The Cold War had ended a decade before.
As had the liberation of Kuwait from Saddam Hussein, the largest military deployment and combat operation since Vietnam.
The only world enemy was the Iraqi dictator, who barely clung to power.
We were a decade into the dawn of the Pax Americana, a time of tranquility after almost a century of conflict with two iterations of German imperialism, Japanese expansionism, and four decades of nuclear brinkmanship and conventional proxy warring with Russian Communism.
And then suddenly the world changed forever on the morning of September 11th.
It was a day seared into the minds of those old enough to grasp what happened that day and burned into the souls of millions of people in the New York City area and Washington Beltway who witnessed the devastation and endured the chaos and confusion that followed.
Islamist terrorists had attempted to gain America’s attention long before 9/11 through smaller scale plane hijackings and bombings, the latter mainly taking place overseas.
Though there was their first attempt to bring down the Twin Towers, attempting to do so 1993 via a massive truck bomb that claimed the lives of six people, including a woman who was seven months pregnant.
Americans for the most part were oblivious to the Islamist threat until al-Qaeda finally succeeded in landing the severe blow that they and their brother Muslim radicals had dreamed of connecting for decades.
It was a transformational strike that forced America to recognize that Islamist terrorism was not an abstract threat to the homeland and a real worry for those in the military or diplomatic corps stationed in sketchy corners of the globe.
September 11th changed society in many ways, from air travel to visiting government offices.
And for a little while, led to the shedding of political division that became intensified after the previous year’s contentious presidential election recount.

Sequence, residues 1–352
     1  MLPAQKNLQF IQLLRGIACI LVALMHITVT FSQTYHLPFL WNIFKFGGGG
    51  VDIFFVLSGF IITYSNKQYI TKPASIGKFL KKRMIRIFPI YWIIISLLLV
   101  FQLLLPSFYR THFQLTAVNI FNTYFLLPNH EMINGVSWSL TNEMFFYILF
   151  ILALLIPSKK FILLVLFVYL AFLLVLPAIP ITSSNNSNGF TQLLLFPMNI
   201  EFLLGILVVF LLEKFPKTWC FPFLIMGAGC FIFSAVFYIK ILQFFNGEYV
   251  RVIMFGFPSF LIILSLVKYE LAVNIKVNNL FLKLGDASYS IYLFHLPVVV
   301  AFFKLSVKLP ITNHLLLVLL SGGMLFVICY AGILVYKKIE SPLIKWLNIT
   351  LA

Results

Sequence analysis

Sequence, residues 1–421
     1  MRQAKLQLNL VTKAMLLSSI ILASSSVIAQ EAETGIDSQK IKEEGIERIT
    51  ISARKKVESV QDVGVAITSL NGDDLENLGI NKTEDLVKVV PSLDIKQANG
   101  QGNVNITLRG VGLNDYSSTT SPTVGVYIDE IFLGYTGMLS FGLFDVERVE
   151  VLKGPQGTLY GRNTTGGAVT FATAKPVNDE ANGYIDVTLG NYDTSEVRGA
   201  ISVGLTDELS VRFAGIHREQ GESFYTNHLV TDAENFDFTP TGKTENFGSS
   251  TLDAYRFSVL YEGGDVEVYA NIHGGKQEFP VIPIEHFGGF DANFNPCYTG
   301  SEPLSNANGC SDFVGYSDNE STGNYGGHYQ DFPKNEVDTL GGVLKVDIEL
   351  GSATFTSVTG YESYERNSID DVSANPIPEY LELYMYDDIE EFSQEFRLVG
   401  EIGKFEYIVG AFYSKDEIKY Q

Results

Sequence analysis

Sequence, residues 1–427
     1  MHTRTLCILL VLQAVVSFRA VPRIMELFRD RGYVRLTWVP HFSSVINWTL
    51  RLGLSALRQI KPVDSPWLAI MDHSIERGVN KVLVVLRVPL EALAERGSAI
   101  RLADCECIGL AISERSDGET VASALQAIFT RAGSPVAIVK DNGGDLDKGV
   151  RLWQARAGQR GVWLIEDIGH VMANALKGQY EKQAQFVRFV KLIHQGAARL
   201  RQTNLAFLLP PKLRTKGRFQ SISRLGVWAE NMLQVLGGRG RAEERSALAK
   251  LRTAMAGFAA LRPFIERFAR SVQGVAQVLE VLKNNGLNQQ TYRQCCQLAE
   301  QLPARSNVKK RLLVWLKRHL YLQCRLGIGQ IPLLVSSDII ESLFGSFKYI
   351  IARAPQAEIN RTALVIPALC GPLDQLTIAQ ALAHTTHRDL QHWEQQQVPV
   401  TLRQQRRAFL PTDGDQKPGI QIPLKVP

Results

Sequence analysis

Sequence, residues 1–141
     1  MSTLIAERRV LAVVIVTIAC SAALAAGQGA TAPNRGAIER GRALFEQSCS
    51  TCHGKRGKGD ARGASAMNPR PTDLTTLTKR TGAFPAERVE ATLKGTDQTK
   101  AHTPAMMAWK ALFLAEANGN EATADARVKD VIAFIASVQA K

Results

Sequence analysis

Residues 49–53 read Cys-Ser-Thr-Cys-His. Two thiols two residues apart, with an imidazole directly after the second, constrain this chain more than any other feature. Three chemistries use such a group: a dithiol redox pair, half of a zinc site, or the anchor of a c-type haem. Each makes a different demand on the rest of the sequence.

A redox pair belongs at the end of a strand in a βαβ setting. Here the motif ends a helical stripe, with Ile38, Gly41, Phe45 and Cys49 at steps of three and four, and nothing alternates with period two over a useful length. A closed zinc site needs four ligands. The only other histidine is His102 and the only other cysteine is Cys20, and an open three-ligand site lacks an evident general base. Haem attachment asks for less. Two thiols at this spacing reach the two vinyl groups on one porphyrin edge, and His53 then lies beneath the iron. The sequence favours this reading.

I’m not certain if that kind of national coalescence would be possible today even in the aftermath of a similar tragedy. Instead the professional dividers within the political class and radicalized establishment major media would obsess over won or lost advantages from a catastrophe.
Over the past twenty-four hours 9-11 related memes have flowed across social media breaking the multiple tragedies that occured that terrible day down into time stamps and a “September 10th” image about 2,977 people who went to bed the night before not realizing their time on Earth would suddenly end less than 24- hours later.
While casually shared through retweets and reposts, I believe those memes help communicate what happened 18 years ago to a generation that had not yet been born or were too young to comprehend the permanent traumatic alteration to the national psyche that occured.
They provide perspective to today’s college and high school students that is nigh impossible to grasp as they never felt the shock of the event in real-time.
I’ve watched the Zapruder film many times and have visited the USS Arizona Memorial in Oahu and have seen the oil sheen that continues to leak from the hull of the destroyed battleship that will forever be associated with the surprise Japanese attack that led to the entry of the United States into World War Two, but I know the Kennedy assassination and Pearl Harbor as historic events not as events I felt.
There is one more 9-11 image that has circulated around Facebook, that of the man falling head first from the World Trade Center’s North Tower that had been identified as Jonathan Briley. In order to see this haunting image on the social media platform you have to “uncover” it due to the disturbing nature of the picture.
More than the explosions and even the collapse of the Twin Towers, the images of people falling to their deaths from the buildings truly hit the hardest. And thus all the more reason to not conceal out of reasons of sensitivity.
September 11th was a national gut punch and the sting of it should not be softened. Particularly as we remain locked in a war with an enemy that is relentless and wicked.